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To Live and Die in L.A.
BLU-RAY disk
Feb 16, 2010 By: J.A. Hamilton
To Live and Die in L.A. order
Director:
William Friedkin

Actors:
William L. Peterson
Willem Dafoe
John Pankow

Rating:
Movie:
Extras:
Overall:

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WHAT'S IT ABOUT?
A federal agent is dead set upon taking down the slick counterfeiter who murdered his partner. But his downward spiral for revenge quickly becomes a deadly obsession that could get him and his new partner killed.
IS IT A GOOD MOVIE?
I’d heard the title TO LIVE AND DIE IN L.A. before but was totally unaware of what the film was, who was in it or what it was about. In all honesty, I popped in the Blu-ray player thinking it was a recent direct to DVD action flick that I’d heard of but missed. But then the opening eighties tune (one of my favorite eighties flick themes) that stretched on for about five minutes, the film title done in neon coloring and the ancient looking ear piece worn by the cop that looked like the original prototype technology piece made it obvious that this was no recent film. That said it held its own as far as eighties flicks go.

There was a real BEVERLY HILLS COP meets LETHAL WEAPON feel to this baby in the beginning that got my attention and held on tight. The story was clichéd all to hell by now’s standards, but to be fair, this was probably one of the first flicks to sport the old “Cop’s partner gets smoked with a couple days left on the force” curve ball (and the fact that the dude who get’s iced actually says, “I’m getting too old for this shit” after the initial action scene was icing on the cake). And on that note, the dialogue was something else, but I laughed my ass off when the term “douche bag” came up, surprised that it goes back that far.

Though the acting wasn’t exactly Oscar caliber, I dig William L. Peterson (YOUNG GUNS 2, THE SKULLS, C.S.I.) and was completely into his bad ass, Denzel from TRAINING DAY cop character. I’d break every rule in the book to get revenge too. Willem Dafoe’s villain was money in the bank, literally. He made the counterfeit business look easy (if only it was) and hat’s off to a man that can encourage lesbianism between his woman and other chicks and not get punched in the face for it (if only THAT was as easy). The smooth Blu-ray finish is impressive, you’d never know this made in 1985…at a glance that is.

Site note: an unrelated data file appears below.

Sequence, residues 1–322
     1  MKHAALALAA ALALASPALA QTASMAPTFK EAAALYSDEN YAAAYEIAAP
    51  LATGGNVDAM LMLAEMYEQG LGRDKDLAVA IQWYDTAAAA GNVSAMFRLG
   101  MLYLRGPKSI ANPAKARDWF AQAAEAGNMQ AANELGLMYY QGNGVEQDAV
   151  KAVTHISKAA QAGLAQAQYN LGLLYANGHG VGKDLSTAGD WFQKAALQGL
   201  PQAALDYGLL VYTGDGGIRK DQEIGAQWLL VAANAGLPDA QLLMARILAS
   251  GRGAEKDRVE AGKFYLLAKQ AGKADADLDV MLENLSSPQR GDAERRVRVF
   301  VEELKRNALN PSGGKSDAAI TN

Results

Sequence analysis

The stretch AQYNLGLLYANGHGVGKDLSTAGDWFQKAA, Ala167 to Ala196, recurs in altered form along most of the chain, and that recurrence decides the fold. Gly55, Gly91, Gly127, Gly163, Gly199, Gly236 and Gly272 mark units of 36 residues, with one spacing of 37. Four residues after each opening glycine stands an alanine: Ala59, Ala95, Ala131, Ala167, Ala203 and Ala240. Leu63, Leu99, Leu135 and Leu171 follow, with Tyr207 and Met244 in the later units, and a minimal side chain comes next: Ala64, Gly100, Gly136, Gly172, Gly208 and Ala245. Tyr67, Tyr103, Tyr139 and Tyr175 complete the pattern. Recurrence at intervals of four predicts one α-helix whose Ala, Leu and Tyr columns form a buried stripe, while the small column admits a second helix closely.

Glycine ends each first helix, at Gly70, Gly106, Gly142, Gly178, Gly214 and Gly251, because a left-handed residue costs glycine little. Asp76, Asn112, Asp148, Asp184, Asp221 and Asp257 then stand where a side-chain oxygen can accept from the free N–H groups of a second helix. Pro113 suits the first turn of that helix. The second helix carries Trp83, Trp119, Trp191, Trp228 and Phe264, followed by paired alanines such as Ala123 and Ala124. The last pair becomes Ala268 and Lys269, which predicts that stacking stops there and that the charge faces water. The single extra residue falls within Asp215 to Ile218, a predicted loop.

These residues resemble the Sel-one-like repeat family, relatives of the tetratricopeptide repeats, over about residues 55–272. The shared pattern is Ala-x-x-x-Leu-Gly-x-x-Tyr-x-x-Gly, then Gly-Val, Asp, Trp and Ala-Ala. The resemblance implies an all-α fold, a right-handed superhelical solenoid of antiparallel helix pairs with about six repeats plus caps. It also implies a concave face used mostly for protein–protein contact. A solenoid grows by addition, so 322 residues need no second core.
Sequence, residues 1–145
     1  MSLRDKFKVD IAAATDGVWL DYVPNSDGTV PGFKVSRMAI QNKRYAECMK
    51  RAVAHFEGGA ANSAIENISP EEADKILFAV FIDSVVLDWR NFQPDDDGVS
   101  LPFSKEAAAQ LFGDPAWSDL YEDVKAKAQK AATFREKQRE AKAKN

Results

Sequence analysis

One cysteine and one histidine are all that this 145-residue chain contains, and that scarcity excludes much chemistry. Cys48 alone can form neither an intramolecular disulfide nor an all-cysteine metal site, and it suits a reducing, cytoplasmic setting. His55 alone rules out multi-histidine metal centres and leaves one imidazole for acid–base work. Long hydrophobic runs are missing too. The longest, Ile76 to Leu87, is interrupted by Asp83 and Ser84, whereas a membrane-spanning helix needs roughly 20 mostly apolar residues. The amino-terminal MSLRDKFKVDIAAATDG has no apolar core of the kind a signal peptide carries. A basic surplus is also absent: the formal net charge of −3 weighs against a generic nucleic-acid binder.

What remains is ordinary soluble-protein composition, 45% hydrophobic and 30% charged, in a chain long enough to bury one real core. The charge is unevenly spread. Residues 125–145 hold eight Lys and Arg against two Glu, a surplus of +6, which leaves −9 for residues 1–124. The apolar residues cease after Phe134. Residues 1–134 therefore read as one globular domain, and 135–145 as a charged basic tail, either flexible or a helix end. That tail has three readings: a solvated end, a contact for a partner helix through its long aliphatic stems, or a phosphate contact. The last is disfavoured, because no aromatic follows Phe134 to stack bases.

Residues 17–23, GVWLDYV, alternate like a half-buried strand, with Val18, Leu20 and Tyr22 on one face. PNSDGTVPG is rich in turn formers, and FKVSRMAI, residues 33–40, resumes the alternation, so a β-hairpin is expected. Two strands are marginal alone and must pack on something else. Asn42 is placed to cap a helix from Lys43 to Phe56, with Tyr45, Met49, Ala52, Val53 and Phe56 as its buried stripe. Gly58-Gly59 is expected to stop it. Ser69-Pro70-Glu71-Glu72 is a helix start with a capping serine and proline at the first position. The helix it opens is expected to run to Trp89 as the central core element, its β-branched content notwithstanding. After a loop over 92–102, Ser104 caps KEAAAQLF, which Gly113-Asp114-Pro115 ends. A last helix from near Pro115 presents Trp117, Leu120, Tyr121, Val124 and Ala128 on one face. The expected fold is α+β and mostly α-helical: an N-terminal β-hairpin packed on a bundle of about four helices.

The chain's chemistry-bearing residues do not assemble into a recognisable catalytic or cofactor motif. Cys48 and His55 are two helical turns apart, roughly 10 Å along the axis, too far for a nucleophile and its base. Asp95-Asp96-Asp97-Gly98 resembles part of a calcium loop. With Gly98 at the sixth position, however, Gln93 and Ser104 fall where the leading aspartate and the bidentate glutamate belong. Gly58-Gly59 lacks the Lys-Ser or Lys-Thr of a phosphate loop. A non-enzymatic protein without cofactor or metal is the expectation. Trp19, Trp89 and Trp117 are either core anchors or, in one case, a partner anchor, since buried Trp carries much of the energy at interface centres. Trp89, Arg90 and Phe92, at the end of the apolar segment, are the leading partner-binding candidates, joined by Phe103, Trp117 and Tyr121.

TO LIVE AND DIE IN LA brought me back to the eighties in a big way and I’ve made abundantly clear in the past, I loved what the eighties had to offer in cinema now and forever. I miss seeing guys get shot in the face, it doesn’t happen nearly as much as it used to. Now I was thrown for a loop by the ending, but it worked in a “that shit could really happen” sort of way so I’m not complaining. The lawyer looked like he was playing all sides and I can’t believe he didn’t die, but the lesbian drive into the sunset was a nice touch. This isn’t a flick you need to rush out and watch tonight, but if you caught it back in the day I can see the appeal of wanting to watch it again.
THE EXTRAS
The Blu-ray has nothing new in the way of features, but we also get a DVD version of the film which includes all the old features.

Commentary: Director William Friedkin walks us through the film by focusing on how he felt about each of the key elements used and those involved. This would have been better with some cast involved.

Counterfeit World: “The Making of To Live and Die in L.A.”: This half hour behind the scenes look adds some flavor but is heavy on movie clips. I still dug it though.

Alternate Ending: This thing didn’t make a damn bit of sense as one of the main characters was miraculously alive after being shot in the face. Right.

Deleted Scene: This lone scene was short, uninteresting and virtually worthless. Pass.

Stills Gallery: We get a bunch of movie pics, but nothing that jumps out at you.

Previews: We get two for the feature film as well as some MGM classics like FARGO and DARK BLUE.
FINAL DIAGNOSIS
There’s lots to love for those of you who dig eighties flicks as the nostalgia is stacked pretty high here. First timer’s will appreciate the fact this film’s aged well despite the dialogue and some of the more obvious eighties propaganda, but owning it is strictly going to be for the fans.
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